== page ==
Iranian President Hassan Rouhani and his Turkish counterpart Recep Tayyip Erdogan have agreed to continue cooperation in Syria despite the two countries’ differences over the latest US-led strikes against Syrian government military sites, the Iranian media reported. In a telephone call earlier today, the Iranian and Turkish presidents said they will work closely with Russia as part of their trilateral partnership to end the Syrian conflict and protect Syria’s territorial integrity and sovereignty. “The two countries should bolster cooperation and must not allow tensions in this country [Syria] to escalate,” Rouhani told Erdogan. According to the readout of the phone call reported by the Iranian press, Rouhani condemned the latest strikes by the US, Britain and France. “This is a wicked invention in international relations that some powerful and bullying countries attack a country whenever they want,” Rouhani reportedly told Erdogan. Erdogan reportedly called for further strengthening bilateral ties between the two countries, particularly in the economic and trade areas. According to Erdogan, the Turkish minister of economy will sign several bilateral economic agreements with his Iranian counterpart during his visit Tehran.
Comment: The US-led strike against Syrian regime targets suspected of developing and using chemical weapons yet again demonstrated the fact that Turkey’s policies and interests in Syria diverge from those of Iran and Russia despite the three countries’ cooperation in recent months.
Ankara’s strong support for the strikes raised a lot of questions in Tehran about Turkey’s reliability as a potential partner on regional affairs. Media outlets affiliated with the Islamic Revolution Guards Corps (IRGC), which recently shunned away from criticizing Turkey, expressed dismay at Ankara’s siding with Washington over the Syrian conflict yet again.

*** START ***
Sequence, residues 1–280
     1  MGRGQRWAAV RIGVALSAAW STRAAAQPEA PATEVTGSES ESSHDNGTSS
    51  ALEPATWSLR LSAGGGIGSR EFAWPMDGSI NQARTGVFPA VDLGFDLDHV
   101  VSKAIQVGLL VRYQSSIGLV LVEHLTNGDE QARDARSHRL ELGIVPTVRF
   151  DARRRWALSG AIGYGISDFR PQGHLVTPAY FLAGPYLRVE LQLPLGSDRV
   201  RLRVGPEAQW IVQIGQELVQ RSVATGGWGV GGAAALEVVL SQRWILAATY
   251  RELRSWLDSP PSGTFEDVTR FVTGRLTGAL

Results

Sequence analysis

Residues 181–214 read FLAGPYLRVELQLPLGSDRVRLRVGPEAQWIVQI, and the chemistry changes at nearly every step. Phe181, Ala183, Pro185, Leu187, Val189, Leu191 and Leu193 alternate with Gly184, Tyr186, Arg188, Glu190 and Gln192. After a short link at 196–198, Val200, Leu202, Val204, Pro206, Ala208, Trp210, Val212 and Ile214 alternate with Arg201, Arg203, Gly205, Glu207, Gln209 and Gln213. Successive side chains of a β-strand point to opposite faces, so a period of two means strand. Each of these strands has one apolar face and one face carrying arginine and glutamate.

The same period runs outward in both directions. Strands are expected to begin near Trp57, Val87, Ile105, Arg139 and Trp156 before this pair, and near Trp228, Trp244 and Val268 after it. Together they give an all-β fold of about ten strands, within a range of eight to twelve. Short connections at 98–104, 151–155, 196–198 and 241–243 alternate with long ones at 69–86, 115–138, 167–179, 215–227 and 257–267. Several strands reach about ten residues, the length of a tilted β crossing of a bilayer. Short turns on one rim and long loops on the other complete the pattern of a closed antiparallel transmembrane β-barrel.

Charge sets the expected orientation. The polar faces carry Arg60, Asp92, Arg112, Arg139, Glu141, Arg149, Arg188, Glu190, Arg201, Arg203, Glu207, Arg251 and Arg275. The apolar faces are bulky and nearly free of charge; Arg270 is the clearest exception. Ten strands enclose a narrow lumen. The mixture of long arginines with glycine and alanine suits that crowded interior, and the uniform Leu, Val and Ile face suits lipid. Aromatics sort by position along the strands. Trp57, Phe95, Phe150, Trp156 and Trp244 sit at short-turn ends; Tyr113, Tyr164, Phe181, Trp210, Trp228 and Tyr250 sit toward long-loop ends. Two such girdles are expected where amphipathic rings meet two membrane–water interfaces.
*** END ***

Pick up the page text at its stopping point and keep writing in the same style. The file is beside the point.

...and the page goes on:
“Can the Americans, who have been plotting against Turkey in recent years, not conspire against Turkey in Syria as well? Aren’t they the same Americans that dispatched 5,000 truckloads of weapons to the PKK rebels and plan to set up a PKK government in northern Syria?” wrote Tasnim News Agency, an IRGC mouthpiece.
According the article in Tasnim, the ruling Justice and Development Party in Turkey is in a “difficult position” in the run-up to the elections and is therefore seeking to repair Ankara’s ties with Washington to obtain the votes of pro-American Turkish citizens. “Can Erdogan rescue himself from economic and political defeat by supporting the American attacks?” the article queried, and then emphasized that it was a “big mistake”. The article cautioned the Erdogan government that Washington will continue to undermine the Justice and Development Party in the upcoming elections and will try to install its preferred party in Turkey.
Although Iran and Turkey have been trying to accommodate each other’s concerns in Syria and Iraq, the thaw in relations between the two countries represent more a marriage of convenience than a strategic partnership. Divergent interests in the region and a long history of mistrust are likely to continue to mar relations between the two major Middle Eastern powers. But Turkey and Iran have historically managed to compartmentalize their relations, and they will most likely continue to do so. Tehran and Ankara, for example, maintained economic and trade ties even at times when relations between the two countries over the Syrian conflict and other regional issues had reached their nadir.